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Catholic God's Spirit

Catholic God's Spirit


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A cult of Christianity in the Philippines. Said to be a tadtad group, though the cult's leader denies this.

Current Issue

Sixteen cultists who died in a fierce clash Friday with lawmen believed they were invincible against bullets, but their ''magical powers'' did not work because many of them were sinners, the leader of the Catholic God's Spirit cult said yesterday.

Alfredo Obsioma, 44, leader of the 300-member cult, said the 16 who were killed were disloyal followers who had ignored his advice not to fight the team of law enforcers who had come to arrest one of the cultists.

Four civilian militiamen also died in Friday's encounter at the cult's colony in Barangay Kimanait, Pangantucan town.

''They (the cult members) sinned. They had vices and above all, they resorted to violence,'' Obsioma told the INQUIRER here.

He protested reports identifying his group as one of the ''Tadtad (chop-chop)'' cults, fanatical Christian groups so named for their practice of hacking their enemies to death. ''We are not Tadtads. We are believers of the word of God. It's the only way to freedom,'' he said.

Obsioma, a former Army soldier, said amulets made of paper scribbled with Latin prayers would have been enough to make his followers invincible to bullets.

''But the amulets are only for the good. They are not supposed to be used for evil,'' he said.

He said the slain cult members had ignored his advice not to attack the police team, who had gone to the colony to arrest cult member Roberto Madrina Jr. Madrina was wanted on a charge of frustrated murder for stabbing a certain Patricio dela Cruz in a nearby village in 1989.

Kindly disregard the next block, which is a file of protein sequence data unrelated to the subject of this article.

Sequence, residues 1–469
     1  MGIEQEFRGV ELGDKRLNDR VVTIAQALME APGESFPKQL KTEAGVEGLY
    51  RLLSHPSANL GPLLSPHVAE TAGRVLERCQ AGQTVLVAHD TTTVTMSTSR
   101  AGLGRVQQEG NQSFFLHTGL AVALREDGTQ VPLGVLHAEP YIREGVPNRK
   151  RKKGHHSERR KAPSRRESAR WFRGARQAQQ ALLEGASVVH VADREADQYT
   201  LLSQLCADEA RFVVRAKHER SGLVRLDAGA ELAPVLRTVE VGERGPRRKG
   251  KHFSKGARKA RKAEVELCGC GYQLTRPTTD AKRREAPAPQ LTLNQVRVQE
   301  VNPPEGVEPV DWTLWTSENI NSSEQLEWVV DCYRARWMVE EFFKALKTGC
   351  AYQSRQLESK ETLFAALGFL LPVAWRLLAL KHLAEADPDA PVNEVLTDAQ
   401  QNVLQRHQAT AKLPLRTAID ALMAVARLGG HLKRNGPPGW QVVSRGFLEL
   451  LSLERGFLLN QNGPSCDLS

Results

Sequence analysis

''They were emboldened by the idea that bullets would not harm them. They were mistaken,'' Obsioma said in the vernacular.

''They lost their power when they disobeyed me,'' he said.
Slain cultists lost magic, says leader, Philippine Daily Inquirer (Philippines), Aug. 14, 2000

Twenty people were killed in Bukidnon on Friday when members of a "tad-tad" cult clashed with a group of policemen, soldiers and militiamen who were trying to arrest one of the cultists, provincial police chief Supt. Edgardo Villamayor said here yesterday.

The officers went to a colony of the Catholic God's Spirit cult in Barangay Kimanait in Pangantucan, Bukidnon, to serve a warrant of arrest on cultist Roberto Madrina Jr., who was wanted on frustrated murder charges, police said.

The troops opened fire after the cultists, armed with long knives and homemade guns allegedly refused to allow the police to take the suspect and attacked them, Villamayor said.

Killed were 16 cult members, and four civilian militiamen who accompanied the policemen, he said. Two other militiamen were injured in the battle.
20 killed as defiant cultists, cops clash, Philippine Daily Inquirer (Philippines), Aug. 13, 2000